Kenya’s construction industry is so big it’s among the few in the world to have grown amid the 2020 Covid lockdowns. And it shows no signs of slowing down with the country’s data agency – the Kenya National Bureau of Statistics – which forecasts that it will grow at an average rate of 6.1% over the next three years.
And while much of this growth is attributable to government-planned megaprojects, the growth of real estate, driven by an ever-increasing demand for housing, is another precursor to transformation. Yet the construction industry in Kenya remains extremely rudimentary, with almost all supplies, even by dealers, being purchased physically.
Jumba, a b2b construction technology platform launched in April this year, aims to fill this gap with an online platform that enables operators of hardware stores (retailers of building materials), found in almost all blocks, to replenish seamlessly.
The startup is now poised for big growth after securing $1 million in pre-seed funding to refine its technology and expand its reach to capture Kenya’s major city markets.
“We started expanding our products based on regional demands and hardware store needs. The idea is to make Jumba the source of all building materials in Kenya and, when we eventually grow, beyond its borders,” Jumba CEO Kagure Wamunyu, who co-founded the startup, told TechCrunch. with Miano Njoka (CTO).
The pre-seed round was led by Enza Capital with participation from Seedstars International Ventures, Chandaria Capital, Future Africa, Logos Ventures, First Check Africa and a number of angel investors.
Enza Capital Managing Partner Mike Mompi said, “African populations are rapidly growing and increasingly urbanizing, and the construction industry is a critical economic driver supporting sustainable growth across the continent. ‘Africa. In a $10 trillion industry yet to be reshaped by technology, we are thrilled to support Kagure and the exceptional team at Jumba.
Wamunyu said the launch of Jumba was inspired by her experiences as a real estate entrepreneur, where she always faced inefficiencies in purchasing building materials, due to fluctuating prices and random stock-outs. Wamunyu, a civil engineer and entrepreneur, who helped Uber roll out its services in Kenya, was also part of the team that propelled Kobo360, a logistics technology startup to Africa-wide expansion. Njoka, her co-founder, is a software engineer who had previously co-invested with her in real estate projects.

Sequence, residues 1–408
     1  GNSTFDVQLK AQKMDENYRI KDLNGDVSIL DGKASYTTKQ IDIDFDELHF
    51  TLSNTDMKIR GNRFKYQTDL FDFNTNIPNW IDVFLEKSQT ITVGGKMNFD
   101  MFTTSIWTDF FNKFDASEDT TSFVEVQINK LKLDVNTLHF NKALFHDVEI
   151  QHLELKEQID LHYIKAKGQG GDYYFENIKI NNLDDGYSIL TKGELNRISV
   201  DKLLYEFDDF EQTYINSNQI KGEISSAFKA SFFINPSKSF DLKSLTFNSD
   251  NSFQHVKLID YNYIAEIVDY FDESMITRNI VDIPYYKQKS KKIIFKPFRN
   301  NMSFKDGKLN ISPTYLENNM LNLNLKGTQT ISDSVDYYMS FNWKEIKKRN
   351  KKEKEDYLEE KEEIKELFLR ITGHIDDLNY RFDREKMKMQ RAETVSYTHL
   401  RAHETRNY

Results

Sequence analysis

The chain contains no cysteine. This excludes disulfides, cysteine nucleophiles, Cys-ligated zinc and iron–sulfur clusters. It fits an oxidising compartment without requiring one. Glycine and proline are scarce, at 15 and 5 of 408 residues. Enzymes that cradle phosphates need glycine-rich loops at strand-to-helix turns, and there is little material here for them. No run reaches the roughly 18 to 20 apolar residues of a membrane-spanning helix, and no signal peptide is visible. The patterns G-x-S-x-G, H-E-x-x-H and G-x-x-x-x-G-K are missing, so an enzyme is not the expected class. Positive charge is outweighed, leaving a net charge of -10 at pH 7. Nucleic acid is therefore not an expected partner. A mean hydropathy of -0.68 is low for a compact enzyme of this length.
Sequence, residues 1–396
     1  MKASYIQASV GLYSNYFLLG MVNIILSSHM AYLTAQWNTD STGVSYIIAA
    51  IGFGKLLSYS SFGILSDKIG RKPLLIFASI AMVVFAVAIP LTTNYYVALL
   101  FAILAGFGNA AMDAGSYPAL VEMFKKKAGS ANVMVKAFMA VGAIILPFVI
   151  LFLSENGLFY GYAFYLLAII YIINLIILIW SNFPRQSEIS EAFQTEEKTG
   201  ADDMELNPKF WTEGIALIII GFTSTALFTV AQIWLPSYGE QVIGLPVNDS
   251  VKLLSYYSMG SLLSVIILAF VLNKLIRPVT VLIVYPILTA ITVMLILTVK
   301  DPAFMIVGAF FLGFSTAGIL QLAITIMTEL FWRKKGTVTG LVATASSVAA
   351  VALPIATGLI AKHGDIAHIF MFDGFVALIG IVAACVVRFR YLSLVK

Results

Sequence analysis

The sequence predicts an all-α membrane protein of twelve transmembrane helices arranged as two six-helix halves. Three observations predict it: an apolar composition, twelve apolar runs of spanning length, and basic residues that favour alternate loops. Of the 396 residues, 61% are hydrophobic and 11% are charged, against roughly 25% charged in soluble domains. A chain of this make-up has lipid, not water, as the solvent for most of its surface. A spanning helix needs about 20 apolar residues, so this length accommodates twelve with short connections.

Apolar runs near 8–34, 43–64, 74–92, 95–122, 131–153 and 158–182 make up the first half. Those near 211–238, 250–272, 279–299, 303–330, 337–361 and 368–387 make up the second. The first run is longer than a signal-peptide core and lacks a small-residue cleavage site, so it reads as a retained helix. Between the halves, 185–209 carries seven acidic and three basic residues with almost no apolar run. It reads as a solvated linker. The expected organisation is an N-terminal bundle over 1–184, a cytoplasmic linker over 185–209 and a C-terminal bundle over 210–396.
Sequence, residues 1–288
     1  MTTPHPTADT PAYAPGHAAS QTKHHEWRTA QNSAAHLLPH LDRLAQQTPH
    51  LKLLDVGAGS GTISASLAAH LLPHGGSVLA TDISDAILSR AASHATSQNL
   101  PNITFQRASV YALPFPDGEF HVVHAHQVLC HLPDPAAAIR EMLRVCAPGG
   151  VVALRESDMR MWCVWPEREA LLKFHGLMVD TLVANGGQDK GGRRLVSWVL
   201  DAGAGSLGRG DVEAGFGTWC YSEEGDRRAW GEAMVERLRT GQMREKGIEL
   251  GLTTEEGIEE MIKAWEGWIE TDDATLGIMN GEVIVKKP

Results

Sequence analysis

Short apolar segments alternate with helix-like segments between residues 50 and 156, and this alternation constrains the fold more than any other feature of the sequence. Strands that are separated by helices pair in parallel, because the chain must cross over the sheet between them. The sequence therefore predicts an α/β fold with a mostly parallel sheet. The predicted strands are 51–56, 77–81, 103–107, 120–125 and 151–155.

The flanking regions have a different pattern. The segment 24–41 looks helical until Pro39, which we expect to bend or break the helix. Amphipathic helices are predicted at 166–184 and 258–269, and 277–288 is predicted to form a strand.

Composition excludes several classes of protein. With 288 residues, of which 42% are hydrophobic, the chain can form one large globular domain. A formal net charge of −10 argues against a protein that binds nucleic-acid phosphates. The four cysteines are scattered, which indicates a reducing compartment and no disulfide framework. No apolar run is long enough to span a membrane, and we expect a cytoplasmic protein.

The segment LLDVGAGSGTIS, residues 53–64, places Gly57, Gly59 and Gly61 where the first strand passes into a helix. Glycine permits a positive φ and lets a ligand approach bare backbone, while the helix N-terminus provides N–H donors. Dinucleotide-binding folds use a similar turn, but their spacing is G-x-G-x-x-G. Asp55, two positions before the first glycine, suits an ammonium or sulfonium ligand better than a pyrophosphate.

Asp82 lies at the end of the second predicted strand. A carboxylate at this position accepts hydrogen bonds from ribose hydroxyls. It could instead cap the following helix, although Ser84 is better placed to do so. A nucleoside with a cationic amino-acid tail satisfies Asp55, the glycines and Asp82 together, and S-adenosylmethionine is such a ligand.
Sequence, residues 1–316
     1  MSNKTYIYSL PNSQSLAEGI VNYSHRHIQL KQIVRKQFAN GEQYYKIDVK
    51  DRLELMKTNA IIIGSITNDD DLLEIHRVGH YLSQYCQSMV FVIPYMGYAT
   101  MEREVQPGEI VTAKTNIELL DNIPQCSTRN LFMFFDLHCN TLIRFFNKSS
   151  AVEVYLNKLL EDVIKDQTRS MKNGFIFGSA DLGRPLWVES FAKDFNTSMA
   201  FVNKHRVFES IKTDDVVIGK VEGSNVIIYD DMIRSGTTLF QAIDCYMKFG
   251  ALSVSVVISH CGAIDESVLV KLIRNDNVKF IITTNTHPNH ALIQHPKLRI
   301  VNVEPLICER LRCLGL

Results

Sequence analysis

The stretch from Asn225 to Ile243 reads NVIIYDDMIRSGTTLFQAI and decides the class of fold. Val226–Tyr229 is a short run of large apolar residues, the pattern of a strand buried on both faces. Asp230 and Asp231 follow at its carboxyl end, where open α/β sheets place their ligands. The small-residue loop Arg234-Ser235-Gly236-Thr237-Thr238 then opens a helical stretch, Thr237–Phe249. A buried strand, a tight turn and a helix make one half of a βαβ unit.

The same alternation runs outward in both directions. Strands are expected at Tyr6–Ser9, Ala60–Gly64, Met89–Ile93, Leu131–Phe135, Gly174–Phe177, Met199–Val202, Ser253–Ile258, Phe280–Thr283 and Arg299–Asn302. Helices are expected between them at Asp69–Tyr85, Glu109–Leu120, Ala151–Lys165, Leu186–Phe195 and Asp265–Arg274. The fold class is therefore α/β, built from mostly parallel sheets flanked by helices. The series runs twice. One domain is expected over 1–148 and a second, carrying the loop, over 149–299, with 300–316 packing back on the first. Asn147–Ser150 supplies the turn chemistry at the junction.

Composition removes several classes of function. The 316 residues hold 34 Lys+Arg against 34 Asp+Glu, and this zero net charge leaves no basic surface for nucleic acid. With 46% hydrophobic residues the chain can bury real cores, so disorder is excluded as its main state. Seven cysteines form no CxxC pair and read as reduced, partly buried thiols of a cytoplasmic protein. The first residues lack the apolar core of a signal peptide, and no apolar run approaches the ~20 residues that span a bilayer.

As Jumba connects manufacturers to retailers, Wamunyu said the startup will also ensure that small hardware stores (which don’t have enough storage) will be connected to medium ones near their regions from where they can easily update. their inventories, removing the pressure of space expansion.
“We will partner with different retailers in different neighborhoods who can then support the smaller ones, instead of working with a warehouse model. We will supply those big players and the smaller hardware stores will pick their stock from those locations,” she said.
Jumba negotiates the prices (including their markup) of the products with the manufacturers. It also allows resellers to pay for orders on delivery. Wamunyu says they are also planning to introduce the Buy Now Pay Later (BNPL) option to allow their top performing customers to expand their inventory and increase their income.
“BNPL can be used to help them stock more, and it’s a product that will be introduced but it will be built on the back of the reseller’s order history,” Wamunyu said.
For a quick take off, Jumba hired Peace Osangir to lead the finance and risk component of the startup as CFO. Osangir previously worked as COO of Kopo Kopo, a payments company, and was the first CFO of Kenya’s leading mobile lender, Mshwari, which is backed by East Africa’s largest telecom Safaricom and bank NCBA regional.
Wamunyu told TechCrunch that the startup is currently onboarding manufacturers and hardware stores outside of Nairobi as well, to grow its pool of suppliers and resellers.